When a home or business is damaged and the claim reaches an impasse, the appraisal process included in most commercial and residential insurance policies can serve as an alternative dispute resolution method to avoid litigation or at least resolve portions of the claim.
It is the job of an appraiser to assess and evaluate the damage and provide an impartial, informed estimate of the value of the loss. The policyholder and the insurance company both will have their own independent appraiser assess the damage, and if the two appraisers cannot agree then a third appraiser will be used to resolve the differences. The third appraiser is called an umpire and is either agreed between the appraisers or appointed by a court having jurisdiction. Appraisal boils down to an agreement of two of the three appraisers.
In theory the process is pretty straight forward. The process of each appraisal and the role of each appraiser is determined by the language in the insurance policy and any file specific orders entered by the presiding court. These directions may be in relation to the level of relationship to the parties, how communication may proceed, timelines for completion of mile stones in the process.
Local laws and regulations exist in some states and not in others. Colorado appraisal has adopted the DORA rules seen here:
Having worked as appraiser for most of my 20 years in the business I have seen many ways to ruin an appraisal and even seen them sabotaged by the appraisers or parties for either side. These are the assignments to not take. When the parties and their lawyers or public adjusters are working as advocates in relation to their clients that is their role but not necessarily the role of an appraiser. Knowing and working to this distinction is the art of job.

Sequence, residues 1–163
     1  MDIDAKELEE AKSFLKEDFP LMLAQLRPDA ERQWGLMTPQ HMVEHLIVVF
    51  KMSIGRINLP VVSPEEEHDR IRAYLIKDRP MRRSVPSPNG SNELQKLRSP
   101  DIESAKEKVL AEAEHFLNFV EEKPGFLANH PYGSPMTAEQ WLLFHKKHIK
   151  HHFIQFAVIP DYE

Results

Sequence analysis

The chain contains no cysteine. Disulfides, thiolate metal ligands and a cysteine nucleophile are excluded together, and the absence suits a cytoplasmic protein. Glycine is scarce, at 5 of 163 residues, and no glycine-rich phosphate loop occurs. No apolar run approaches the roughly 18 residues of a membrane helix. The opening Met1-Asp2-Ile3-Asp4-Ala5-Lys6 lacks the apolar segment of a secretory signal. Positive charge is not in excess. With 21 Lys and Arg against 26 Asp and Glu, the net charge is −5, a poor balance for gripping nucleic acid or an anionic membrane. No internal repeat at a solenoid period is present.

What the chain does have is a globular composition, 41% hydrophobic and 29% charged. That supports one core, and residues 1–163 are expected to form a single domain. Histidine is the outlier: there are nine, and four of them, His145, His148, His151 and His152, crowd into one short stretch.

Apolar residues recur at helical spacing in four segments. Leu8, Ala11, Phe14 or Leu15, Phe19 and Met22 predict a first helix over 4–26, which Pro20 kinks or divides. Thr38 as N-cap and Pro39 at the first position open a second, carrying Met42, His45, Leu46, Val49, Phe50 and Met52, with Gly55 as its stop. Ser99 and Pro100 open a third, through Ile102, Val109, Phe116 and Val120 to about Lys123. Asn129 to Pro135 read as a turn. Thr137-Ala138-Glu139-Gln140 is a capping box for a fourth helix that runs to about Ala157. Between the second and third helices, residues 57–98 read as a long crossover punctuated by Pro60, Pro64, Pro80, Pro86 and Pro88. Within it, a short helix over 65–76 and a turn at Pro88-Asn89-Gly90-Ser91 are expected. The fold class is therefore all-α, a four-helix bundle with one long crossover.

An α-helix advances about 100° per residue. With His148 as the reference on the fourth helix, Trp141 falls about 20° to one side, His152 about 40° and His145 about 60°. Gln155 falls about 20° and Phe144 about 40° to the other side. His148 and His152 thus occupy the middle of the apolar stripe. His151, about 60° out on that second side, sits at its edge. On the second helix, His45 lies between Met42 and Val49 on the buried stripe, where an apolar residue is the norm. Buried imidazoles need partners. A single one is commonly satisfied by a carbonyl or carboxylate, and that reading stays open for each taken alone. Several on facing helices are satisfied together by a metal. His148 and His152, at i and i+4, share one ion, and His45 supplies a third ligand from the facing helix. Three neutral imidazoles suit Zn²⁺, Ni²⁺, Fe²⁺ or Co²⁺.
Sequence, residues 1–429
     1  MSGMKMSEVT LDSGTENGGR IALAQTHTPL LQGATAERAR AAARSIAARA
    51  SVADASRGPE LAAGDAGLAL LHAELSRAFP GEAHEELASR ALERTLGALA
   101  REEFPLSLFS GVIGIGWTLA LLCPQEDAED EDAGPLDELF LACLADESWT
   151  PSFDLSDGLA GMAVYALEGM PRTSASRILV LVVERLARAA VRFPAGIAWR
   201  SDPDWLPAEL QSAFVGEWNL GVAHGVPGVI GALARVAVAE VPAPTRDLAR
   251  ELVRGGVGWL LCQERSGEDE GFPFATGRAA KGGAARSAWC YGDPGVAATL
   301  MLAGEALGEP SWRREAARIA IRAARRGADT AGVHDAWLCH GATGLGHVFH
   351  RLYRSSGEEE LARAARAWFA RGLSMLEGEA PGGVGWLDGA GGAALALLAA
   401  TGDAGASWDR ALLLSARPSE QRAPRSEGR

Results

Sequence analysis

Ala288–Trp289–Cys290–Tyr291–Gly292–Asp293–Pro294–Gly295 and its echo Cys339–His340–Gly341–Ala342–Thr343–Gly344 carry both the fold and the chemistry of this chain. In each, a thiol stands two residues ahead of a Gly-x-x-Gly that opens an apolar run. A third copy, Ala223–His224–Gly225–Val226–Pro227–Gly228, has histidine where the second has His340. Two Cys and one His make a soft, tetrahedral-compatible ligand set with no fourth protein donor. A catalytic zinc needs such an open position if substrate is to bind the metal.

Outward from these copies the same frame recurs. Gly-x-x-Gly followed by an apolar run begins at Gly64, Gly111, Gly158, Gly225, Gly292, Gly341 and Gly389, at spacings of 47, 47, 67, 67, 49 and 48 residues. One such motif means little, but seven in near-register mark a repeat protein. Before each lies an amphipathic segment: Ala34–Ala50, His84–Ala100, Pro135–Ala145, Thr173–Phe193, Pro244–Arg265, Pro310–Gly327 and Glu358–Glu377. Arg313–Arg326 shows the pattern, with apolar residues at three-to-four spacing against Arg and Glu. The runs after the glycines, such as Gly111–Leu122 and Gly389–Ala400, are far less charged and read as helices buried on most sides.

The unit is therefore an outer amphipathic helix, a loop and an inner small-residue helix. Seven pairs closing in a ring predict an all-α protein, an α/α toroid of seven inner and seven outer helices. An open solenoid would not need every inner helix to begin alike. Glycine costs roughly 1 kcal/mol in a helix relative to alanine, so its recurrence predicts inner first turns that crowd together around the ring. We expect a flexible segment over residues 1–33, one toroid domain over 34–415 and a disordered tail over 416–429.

Licensing is required in some states including Louisiana. The La. Dept of Insurance has created a licensed insurance appraiser designation that requires submission of qualifications and a background check.
Please see my license as an example of same: John Minor’s Louisiana Department of Insurance Registered Appraisers Designation.
Hiring an experienced appraiser can keep the process moving along smoothly so you can get back to your life as quickly as possible or you can get a claim that was not getting done completed. The process begins when you first hire an appraiser, which is best done as soon as possible after the parties have reached an impasse. At this point, you must submit a letter to the opposing party to notify them of your intent to appraise the property damage so that they, too, can hire an appraiser. Both appraisers will appraise the loss. In some occasions this work is done jointly and in other occasions it is not. During this assessment and research phase, the appraisers will puts their years of experience into providing an extremely accurate report. These appraisals may have expert reports within them in regards to weather, engineering, air quality, business interruption, or any other segment of the claim. We feel our group excels in this portion of the job out of a willingness to work our files. We have experience in the realities of the time and cost of materials needed to correct the damage, and applicable building codes and regulations that govern same. All of this information will be factored into the replacement cost value detailed in the final report.Having an accurate, comprehensive appraisal report is your best asset when coming to a fair number for the value on a disputed loss.
If you are in need of appraisal services, call John Minor @ Complete today to ensure you get a fair, honest appraiser that will provide you a honest days work and come back with a good number.
Complete Contracting offers insurance claims appraisal service Nationwide, with a focus on Gulf Coast States of Florida, Texas, Louisiana, Mississippi and Alabama.